||During the 1890s the excellence of the Edison-Swan United Electric Lamp Company in the manufacture of so-called Fancy lamps had perhaps only one serious rival - that being the small factory of Gabriel & Angenault in France, which produced the masterpiece featured on this page. This little-known company was France's second lampmaker, founded in 1888 by F. Gabriel within a small water mill at Combs-la-Ville which provided the energy needed for manufacturing. The lamp factory also comprised three small glassworks'. Gabriel was joined a year later by M. Angenault to create the company 'Manufacture Française de Lampes à Incandescence F. Gabriel et H. Angenault'.
In 1898 a second factory was established in Spain, and the whole company was purchased together with its competitor 'Compagnie Générale des Lampes à Incandescence', by the giant 'Compagnie Générale d'Electricité' (CGE), controlled by GE of America. Filament production was transferred to Générale's lampworks at Ivry-sur-Seine, while the whole group's glass requirements were provided by Combs-la-Ville. The new parent CGE continued the individual brands of its two lampworks' for many years, with Générale handling larger orders for standard lamps and G&A taking the small volumes for specials. Eventually all production shifted to Ivry and it is not known precisely when the G&A factory closed.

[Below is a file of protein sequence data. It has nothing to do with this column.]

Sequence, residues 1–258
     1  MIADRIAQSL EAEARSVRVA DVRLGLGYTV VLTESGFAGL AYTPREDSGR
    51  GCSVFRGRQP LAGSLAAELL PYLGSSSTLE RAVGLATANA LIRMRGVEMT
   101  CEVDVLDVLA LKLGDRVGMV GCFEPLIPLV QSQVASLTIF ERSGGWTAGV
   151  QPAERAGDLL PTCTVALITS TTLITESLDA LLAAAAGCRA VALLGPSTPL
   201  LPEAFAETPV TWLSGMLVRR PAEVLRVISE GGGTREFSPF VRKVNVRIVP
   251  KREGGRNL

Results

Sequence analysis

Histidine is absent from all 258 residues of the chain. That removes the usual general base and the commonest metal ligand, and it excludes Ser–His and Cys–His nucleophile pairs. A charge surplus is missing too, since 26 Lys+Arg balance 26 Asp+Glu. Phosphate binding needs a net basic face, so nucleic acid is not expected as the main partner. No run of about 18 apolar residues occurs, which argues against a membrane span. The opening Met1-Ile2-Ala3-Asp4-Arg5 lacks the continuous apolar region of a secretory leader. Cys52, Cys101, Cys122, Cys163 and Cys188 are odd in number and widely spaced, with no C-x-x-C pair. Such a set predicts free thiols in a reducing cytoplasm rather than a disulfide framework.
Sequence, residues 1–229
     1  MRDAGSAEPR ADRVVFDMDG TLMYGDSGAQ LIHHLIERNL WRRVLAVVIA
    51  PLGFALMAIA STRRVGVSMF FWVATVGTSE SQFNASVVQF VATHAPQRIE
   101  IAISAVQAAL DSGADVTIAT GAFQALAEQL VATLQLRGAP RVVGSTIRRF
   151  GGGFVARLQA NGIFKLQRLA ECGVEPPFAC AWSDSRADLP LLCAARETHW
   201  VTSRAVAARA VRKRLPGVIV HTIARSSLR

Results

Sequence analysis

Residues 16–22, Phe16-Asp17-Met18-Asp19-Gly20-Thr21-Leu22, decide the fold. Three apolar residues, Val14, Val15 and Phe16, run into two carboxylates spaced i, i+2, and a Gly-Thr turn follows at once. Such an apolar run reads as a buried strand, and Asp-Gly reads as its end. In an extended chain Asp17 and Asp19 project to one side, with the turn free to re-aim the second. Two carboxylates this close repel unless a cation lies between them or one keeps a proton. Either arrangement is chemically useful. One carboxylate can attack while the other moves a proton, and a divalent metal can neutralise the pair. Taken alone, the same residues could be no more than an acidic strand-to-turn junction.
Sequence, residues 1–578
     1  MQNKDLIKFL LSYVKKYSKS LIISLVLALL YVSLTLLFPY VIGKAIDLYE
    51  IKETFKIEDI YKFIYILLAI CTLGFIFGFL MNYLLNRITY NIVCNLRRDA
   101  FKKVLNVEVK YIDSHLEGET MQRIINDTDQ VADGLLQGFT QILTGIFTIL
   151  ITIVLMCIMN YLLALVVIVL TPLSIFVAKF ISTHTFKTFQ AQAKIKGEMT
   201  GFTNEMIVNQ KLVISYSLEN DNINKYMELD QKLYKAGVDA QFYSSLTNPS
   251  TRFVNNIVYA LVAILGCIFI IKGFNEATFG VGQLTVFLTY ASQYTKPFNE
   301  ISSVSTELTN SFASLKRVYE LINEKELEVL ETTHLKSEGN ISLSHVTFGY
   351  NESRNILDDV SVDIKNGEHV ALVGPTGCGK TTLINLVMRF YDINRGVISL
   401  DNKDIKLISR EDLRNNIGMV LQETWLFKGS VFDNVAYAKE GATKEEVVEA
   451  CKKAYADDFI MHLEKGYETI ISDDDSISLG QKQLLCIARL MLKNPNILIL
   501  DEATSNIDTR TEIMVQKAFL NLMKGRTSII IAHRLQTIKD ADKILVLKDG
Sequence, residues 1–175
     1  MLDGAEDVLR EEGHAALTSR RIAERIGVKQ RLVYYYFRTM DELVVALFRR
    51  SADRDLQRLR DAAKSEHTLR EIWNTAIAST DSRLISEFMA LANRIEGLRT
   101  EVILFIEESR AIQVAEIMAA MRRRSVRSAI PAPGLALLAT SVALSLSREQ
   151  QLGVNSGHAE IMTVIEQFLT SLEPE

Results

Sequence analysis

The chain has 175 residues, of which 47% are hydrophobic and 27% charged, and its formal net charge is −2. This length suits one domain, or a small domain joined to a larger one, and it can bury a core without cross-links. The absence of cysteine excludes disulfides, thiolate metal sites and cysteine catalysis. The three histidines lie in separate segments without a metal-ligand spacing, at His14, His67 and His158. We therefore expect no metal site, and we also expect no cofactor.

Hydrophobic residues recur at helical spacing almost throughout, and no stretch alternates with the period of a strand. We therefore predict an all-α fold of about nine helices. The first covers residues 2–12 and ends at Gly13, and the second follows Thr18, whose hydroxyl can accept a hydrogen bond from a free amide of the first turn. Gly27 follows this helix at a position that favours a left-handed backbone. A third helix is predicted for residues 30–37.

Around the neck of this bulb the glass is moulded "Depose Gabriel et Angenault", indicating the registration of its design. The filament is of squirted carbon and the cap is of deep-drawn brass with an insulator of vitrite glass. This identifies it as having been made after about 1900, when vitrite caps having a full brass collar became widely used.